1. A method for preserving fresh produce comprising

providing a fresh produce preservative solution which is formed from a cation salt containing a preservative cation selected from the group consisting of strontium ion, barium ion and mixtures thereof; the fresh produce solution also containing a preservative anion selected from the group consisting of ascorbate ions or erythrobate ions; and water;
wherein the preservative anion ion and preservative cation are present in an ion ratio of from 0.2:1 to 8:1, and further wherein the concentration of the cation salt is from 0.075% to less than a saturated solution; and
applying said produce preservative to the produce.

2. A method for preserving fresh produce comprising

providing a fresh produce preservative solution which is formed from a cation salt containing a preservative cation selected from the group consisting of strontium ion, barium ion and mixtures thereof; the fresh produce solution also containing a preservative anion selected from the group consisting of ascorbate ions or erythrobate ions; and water;
wherein the preservative anion ion and preservative cation are present in an ion ratio of from 0.2:1 to 8:1, and further wherein the concentration of the cation salt is from 0.075% to a saturated solution; and
applying said produce preservative to the produce.

3. The method of claim 2, wherein the preservative solution has less than 1% sodium ions, less than 1% potassium ions, less than 0.5% of citric acid and citrate ions, less than 0.5% malic acid and malate ions and less than 5% of film forming agents, lactic acid and cysteine.

4. The method of claim 2, wherein the preservative anion and preservative cation are present in a mole ratio of from 1:1 to 4:1.

5. The method of claim 2, wherein the preservative anion and preservative cation are present in a mole ration of from 1:5 to 3:1 and the produce is a member of the Solcanaceae family, the Amaryllidaceae family, the Brassicaceae family, the Cucurbitaceae family, the Ascomycetes/Basidiomycetes classes or the tree fruits.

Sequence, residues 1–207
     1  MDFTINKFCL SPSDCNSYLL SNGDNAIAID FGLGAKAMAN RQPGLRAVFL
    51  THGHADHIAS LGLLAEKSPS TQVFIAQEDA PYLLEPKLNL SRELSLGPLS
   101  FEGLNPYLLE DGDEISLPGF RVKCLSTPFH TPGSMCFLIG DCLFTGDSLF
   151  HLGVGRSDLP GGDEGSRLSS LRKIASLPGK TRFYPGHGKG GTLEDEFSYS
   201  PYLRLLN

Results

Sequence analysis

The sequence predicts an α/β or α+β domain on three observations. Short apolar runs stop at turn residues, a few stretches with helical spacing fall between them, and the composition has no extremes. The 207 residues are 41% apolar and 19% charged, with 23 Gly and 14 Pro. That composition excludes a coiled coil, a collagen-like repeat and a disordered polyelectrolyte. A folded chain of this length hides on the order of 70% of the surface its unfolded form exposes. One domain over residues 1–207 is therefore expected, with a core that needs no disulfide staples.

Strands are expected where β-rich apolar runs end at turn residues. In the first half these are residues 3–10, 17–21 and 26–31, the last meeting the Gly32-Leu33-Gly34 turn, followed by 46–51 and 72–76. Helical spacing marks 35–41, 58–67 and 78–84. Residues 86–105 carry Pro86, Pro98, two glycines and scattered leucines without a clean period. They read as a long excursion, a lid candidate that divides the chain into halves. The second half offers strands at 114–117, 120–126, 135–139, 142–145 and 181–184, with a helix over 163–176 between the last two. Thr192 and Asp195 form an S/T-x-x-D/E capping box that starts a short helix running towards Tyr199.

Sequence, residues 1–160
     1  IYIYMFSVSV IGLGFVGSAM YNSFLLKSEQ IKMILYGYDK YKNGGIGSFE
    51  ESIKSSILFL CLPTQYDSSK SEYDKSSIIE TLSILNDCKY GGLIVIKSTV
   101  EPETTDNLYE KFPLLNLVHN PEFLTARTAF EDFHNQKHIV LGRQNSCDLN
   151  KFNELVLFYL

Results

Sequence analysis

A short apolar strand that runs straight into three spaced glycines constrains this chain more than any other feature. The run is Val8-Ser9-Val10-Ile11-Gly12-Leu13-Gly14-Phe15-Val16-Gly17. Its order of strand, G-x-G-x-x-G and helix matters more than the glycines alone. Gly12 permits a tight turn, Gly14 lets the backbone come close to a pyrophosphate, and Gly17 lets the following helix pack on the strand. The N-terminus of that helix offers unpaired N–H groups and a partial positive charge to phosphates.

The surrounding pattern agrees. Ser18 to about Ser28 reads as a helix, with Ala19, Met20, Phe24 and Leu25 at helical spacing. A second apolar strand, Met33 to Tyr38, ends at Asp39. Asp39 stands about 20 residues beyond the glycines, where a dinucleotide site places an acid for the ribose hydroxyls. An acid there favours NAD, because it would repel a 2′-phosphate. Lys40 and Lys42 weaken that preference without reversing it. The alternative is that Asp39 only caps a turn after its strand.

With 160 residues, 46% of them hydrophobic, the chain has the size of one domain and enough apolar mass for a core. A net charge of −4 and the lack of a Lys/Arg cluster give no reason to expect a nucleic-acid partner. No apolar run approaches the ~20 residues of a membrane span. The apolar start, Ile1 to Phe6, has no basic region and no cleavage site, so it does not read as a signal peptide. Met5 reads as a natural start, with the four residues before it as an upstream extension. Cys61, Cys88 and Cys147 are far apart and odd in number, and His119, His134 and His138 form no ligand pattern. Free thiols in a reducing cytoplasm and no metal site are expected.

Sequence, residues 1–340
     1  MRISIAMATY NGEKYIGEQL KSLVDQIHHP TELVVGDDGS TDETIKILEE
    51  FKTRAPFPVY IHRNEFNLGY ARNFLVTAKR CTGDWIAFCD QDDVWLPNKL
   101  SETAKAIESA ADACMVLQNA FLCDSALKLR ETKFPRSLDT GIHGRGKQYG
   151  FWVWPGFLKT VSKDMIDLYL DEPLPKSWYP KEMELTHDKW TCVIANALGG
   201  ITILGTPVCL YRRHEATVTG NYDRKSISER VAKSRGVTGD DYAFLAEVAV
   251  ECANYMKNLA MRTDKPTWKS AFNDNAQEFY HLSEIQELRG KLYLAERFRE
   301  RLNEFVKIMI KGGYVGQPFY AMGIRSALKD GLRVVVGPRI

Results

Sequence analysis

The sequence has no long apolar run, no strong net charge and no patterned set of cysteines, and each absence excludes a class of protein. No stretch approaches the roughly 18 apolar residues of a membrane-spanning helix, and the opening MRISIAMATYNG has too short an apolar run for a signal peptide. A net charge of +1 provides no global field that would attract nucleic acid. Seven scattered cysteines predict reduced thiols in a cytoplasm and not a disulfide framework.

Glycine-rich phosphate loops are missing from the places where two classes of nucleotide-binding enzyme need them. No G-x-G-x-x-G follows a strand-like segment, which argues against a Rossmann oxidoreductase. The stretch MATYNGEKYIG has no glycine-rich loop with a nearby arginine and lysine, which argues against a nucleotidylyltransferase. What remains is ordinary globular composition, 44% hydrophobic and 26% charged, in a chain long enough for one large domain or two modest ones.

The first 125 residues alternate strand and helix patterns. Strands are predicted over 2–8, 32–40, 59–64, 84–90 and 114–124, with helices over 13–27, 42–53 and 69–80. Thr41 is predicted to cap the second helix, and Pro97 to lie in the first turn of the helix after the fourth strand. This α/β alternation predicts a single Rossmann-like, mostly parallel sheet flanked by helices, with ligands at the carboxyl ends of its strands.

6. The method of claim 2, wherein the preservative solution comprises from 0.2% to 3% preservative cation, and from 1% to 5% preservative anion; the produce is selected from the group consisting of peppers, onion, tomatoes, cucumbers, mushrooms, celery, potatoes, lettuce, apples, pears, avocadoes and mixtures thereof; the produce is cut, and the cut produce is not frozen, dried, cooked or canned after step b.

7. The method of claim 2, wherein the preservative solution is free of agents which would adversely affect the mouthfeel of the produce being preserved.

8. A method for preserving fresh produce comprising

providing a fresh produce preservative solution which is formed from a cation salt containing a preservative cation which is a manganese ion; the fresh produce solution also containing a preservative anion selected from the group consisting of ascorbate ions or erythrobate ions; and water;
wherein the preservative anion and manganese ion are present in a mole ratio of from 0.75:1 to 8:1, and further wherein the concentration of the cation salt is from 0.075% to a saturated solution; and
applying said produce preservative to the produce.

9. A method for preserving fresh produce comprising

providing a fresh produce preservative solution which is formed from a cation salt containing a preservative cation which is a copper ion, the fresh produce solution also containing a preservative anion selected from the group consisting of ascorbate ions or erythrobate ions; and water;
wherein the preservative anion and copper ion are present in a mole ratio of from 0.75:1 to 8:1, and further wherein the concentration of the cation salt is from 0.075% to a saturated solution; and
applying said produce preservative to the produce.